The time at the tone is 7:14 p.m. I'm sitting on the couch, soothing an exhausted infant, who has been screaming for the past twenty minutes, waiting her turn to be held. Within my line of sight there is an upended memory game, a basket of trains, a knight's costume, throw pillows, a wooden puzzle, and a stuffed bear littering the living room. The kitchen isn't much better. On the other side of the wall, I hear a little boy say to his brother, "You're a peanut head!" and a giggle in response.
And I am okay.
I'm not winning any mother-of-the-year awards for today. Runny noses, cold rain, and a touch of sleep deprivation lent itself to a day full of cartoons. Dinner time snuck up on me, as did the reality that Brian had to work tonight, and I was on my own with the kids. The baby wouldn't sleep unless I held her, but the longer I held her, the more the boys screamed and tackled one another, until, giving up, I declared the day Over, put the baby down to screech in her bouncy seat for a while, and hurried through our bedtime routine. Now the boys are in bed, but they are unsettled, and Emmy is dozing just as restlessly in my arms.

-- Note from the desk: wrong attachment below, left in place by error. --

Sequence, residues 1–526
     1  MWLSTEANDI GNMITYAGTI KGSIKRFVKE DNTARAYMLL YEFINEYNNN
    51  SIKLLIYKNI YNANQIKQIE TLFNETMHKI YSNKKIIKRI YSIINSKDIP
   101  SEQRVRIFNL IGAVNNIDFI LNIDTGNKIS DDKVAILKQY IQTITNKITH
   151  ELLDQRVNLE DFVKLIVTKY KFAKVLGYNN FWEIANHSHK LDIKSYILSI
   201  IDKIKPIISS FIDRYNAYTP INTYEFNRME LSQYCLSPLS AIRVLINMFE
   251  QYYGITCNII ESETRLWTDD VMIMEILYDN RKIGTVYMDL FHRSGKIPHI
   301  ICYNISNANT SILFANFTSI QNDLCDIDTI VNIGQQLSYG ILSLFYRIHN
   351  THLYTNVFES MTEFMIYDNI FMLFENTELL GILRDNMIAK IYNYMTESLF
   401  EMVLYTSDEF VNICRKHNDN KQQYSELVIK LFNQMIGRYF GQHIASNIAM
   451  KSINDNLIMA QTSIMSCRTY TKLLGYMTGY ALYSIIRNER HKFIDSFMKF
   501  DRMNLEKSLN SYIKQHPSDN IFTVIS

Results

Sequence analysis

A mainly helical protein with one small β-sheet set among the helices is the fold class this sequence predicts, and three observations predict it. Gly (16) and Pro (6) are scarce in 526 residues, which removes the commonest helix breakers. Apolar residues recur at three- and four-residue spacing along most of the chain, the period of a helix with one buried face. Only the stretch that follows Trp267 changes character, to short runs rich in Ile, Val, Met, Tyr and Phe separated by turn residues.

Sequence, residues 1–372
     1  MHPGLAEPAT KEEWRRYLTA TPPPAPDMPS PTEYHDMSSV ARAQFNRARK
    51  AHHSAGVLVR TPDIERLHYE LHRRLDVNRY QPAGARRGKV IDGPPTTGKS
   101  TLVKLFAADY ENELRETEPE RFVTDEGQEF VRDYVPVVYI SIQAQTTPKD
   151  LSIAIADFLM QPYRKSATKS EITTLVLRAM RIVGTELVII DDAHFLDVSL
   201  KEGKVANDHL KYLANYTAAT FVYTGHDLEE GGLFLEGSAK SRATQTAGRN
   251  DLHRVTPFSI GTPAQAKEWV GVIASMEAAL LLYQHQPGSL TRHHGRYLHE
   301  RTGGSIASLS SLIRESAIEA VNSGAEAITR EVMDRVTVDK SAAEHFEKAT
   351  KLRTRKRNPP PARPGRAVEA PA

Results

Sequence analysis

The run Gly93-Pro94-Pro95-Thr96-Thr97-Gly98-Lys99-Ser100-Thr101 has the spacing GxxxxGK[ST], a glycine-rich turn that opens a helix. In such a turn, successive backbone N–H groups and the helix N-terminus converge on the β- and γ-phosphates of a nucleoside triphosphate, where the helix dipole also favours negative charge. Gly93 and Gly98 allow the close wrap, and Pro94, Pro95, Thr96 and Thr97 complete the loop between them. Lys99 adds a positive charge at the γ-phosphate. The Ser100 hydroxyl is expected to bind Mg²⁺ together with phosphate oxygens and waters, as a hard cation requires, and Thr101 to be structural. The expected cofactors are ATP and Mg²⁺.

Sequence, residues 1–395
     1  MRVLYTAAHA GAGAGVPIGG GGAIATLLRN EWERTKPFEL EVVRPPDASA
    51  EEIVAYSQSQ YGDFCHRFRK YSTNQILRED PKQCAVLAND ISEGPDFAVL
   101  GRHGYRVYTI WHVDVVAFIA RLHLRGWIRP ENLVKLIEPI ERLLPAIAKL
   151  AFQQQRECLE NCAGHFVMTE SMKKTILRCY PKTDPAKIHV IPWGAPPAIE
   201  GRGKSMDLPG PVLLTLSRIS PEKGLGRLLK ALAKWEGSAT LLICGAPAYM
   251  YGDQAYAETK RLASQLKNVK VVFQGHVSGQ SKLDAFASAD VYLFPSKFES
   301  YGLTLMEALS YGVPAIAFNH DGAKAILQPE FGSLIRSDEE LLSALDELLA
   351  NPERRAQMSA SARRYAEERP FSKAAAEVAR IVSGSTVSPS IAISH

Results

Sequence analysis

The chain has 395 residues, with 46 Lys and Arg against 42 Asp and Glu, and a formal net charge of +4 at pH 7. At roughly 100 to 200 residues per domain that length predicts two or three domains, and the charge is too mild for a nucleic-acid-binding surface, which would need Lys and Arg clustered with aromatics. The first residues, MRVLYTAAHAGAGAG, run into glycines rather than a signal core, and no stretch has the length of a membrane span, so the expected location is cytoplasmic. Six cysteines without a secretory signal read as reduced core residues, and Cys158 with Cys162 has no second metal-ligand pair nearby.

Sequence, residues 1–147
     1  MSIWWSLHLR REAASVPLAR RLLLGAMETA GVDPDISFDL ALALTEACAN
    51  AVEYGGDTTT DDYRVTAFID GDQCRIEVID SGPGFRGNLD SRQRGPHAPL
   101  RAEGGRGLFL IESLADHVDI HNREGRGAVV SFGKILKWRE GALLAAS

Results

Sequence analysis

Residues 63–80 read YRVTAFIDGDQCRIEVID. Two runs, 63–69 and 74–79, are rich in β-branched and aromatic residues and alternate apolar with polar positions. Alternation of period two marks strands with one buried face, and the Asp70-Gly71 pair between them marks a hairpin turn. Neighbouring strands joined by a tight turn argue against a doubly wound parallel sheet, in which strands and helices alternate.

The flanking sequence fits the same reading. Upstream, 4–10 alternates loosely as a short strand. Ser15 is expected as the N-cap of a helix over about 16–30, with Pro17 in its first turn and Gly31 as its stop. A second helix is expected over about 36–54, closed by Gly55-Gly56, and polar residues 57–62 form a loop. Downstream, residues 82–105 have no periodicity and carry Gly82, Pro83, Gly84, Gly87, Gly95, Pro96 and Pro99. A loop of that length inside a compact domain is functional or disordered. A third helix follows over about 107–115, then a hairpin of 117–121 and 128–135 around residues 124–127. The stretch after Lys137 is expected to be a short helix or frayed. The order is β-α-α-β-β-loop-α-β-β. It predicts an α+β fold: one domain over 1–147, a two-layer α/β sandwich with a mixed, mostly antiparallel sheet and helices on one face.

I remember moments just like this when Silas was tiny, and Asher was not yet two. I remember seeing toddler blocks and puzzles all over the living room, hearing little Silas wail while I read a bedtime story to his brother, and feeling as though my best wasn't enough, wasn't even close. It was completely overwhelming.
Tonight, I don't feel that way.
Tonight feels like exactly what it is - just one day. Just one moment among a million, strung together to build our life as a family. I raised my voice today; most days, I don't. Emmy cried tonight because I couldn't pick her up; most of the time, I do. The living room is chaotic; while that once overwhelmed me, now I know that it will get picked up, and trashed, and picked up again, a thousand times over. It was just one day. Not my best, not my worst. Just another day.
Tomorrow, we start over.
Thanks be to God.